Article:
IM Kesav Viswanadha and FM Vignesh Panchanatham started the day as the only perfect scores. Once Kesav beat Vignesh, it looked like Vignesh and his hopes of first place were dashed. However the miracle happened. In the final round, 13 players had 5/6 while Viswanadha had 6/6. IM Andrew Tang managed to beat Kesav so any of the 5 pointers who won would tie for first place. In the end there were six winners.
Let’s look at each of the 2016 champions:
1. FM Vignesh Panchanatham: Vignesh had the best tiebreaks of everyone and goes home with the first place trophy. He lost a tough morning game but then came back strong in Round 7, finishing off Gabriel Sam with a cool tactic.
Vignesh also was part of the Harker Team, the winner of the Team Championship.
2. IM Kesav Viswanadha: It was a tough finish for Kesav, as all he needed was to draw his final game to capture clear first. However Kesav played very professionally throughout the event. I was really surprised that anyone could beat him given how well he had been playing up until the final round.
3. IM Andrew Tang: It’s tough to be top seed as everyone is gunning for you. He stumbled with a few draws in the middle rounds, but when everything was on the line he went out there and took down the leader. Impressive resilience from Andrew.
4. FM Justus Williams: After his Round 3 loss he said to me “A minor setback for a big comeback.” He nailed it by winning his final four games to tie for first.
5. NM Kyle Haining: The most surprising winner, only because his rating is so much lower than the other winners. On the final day Kyle beat two 2400 players back to back, so it’s tough to say that anyone deserves to be co-champion more than him.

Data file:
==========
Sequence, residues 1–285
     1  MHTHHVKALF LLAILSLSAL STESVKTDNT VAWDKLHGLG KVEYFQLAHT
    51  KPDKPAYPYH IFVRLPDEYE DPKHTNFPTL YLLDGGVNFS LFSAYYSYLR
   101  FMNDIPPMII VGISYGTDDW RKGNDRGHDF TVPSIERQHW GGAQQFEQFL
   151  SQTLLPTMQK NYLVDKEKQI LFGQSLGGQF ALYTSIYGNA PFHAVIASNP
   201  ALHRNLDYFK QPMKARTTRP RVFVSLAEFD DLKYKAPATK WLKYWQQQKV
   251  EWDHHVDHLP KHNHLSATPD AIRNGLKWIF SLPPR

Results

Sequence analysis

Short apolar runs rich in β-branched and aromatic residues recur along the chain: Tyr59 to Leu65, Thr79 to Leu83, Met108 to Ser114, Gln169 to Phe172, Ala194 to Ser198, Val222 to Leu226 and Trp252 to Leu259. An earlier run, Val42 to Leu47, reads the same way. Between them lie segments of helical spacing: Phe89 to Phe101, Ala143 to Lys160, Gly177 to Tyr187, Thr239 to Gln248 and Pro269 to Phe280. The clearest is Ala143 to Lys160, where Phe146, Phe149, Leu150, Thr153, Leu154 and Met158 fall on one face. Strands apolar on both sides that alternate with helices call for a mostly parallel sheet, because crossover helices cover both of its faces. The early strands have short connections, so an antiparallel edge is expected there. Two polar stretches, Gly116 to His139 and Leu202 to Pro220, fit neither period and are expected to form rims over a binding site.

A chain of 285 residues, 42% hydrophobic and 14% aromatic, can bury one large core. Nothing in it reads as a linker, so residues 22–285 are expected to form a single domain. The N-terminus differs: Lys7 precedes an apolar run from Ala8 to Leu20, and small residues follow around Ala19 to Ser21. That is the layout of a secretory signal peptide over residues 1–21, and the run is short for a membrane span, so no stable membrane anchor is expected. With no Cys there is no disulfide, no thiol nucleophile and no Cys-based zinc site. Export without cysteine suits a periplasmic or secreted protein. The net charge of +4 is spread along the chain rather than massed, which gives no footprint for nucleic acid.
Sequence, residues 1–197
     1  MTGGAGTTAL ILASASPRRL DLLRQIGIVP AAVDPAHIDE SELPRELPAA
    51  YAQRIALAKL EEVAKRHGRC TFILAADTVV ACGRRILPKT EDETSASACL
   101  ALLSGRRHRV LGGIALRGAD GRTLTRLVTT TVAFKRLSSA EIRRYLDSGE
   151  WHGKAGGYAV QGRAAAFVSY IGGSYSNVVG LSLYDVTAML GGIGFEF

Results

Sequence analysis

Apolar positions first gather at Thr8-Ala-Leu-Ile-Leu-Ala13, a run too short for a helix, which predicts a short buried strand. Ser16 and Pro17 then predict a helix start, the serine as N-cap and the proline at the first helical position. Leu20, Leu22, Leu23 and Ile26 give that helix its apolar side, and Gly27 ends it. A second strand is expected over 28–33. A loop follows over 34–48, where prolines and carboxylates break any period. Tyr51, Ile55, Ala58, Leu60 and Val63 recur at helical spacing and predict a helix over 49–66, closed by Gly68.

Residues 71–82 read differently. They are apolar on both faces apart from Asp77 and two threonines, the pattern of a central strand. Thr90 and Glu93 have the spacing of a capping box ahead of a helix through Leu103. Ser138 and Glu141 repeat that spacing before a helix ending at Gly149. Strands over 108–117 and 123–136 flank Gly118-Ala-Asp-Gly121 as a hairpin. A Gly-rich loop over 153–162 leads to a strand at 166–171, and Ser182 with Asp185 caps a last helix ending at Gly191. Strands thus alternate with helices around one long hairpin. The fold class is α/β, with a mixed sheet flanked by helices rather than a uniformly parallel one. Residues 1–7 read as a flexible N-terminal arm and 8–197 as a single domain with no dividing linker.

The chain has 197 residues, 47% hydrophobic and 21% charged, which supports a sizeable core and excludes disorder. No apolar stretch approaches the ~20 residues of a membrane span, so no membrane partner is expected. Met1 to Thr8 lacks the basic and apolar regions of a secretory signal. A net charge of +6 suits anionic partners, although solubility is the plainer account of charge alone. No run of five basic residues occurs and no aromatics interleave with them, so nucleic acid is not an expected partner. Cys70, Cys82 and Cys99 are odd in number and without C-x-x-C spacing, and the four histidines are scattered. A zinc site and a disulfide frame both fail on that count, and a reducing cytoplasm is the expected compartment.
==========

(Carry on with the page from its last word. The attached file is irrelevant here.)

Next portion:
6. NM Bryce Tiglon: Bryce always comes into his games with confidence, and this helped a lot in his final round. It was a dead drawn queen endgame but Bryce knew that he had to win to get first place and he kept fighting and fighting until eventually it wasn’t so drawn anymore. Tiglon’s performance was huge for his team, as it helped Lakeside School to finish in clear 2nd place in the team competition.
The people that organize this tournament and all National Scholastic events do an amazing job. There are 1500 freaking kids, it’s incredible how quickly the pairings come out. I’ve been around a lot of chess tournaments, and am used to rounds starting 20-30 minutes late. They don’t allow this at Nationals and regular tournament organizers should really look to these events as a standard for how to run your tournament. Simply put, it should be unacceptable for any round in any chess tournament to begin late when we start on time and have the pariings released so early in all of our National Scholastic events.
Finally, I was very impressed with the Women’s Chess Committee. They had a special booth and a room for girls to hang out in between games. Also there were a few cool events such as a Skype talk with Alexandra Weiner (the Brown University Chess Club president) and a simul with WIM Carolina Blanco.
Also congrats to the many team and section winners!
Find full standings of the event here and find more photos and snippets on the US Chess twitter feed.
IM Greg Shahade is the founder of the US Chess School and the US Chess League. Find out more about a training event he is organizing here.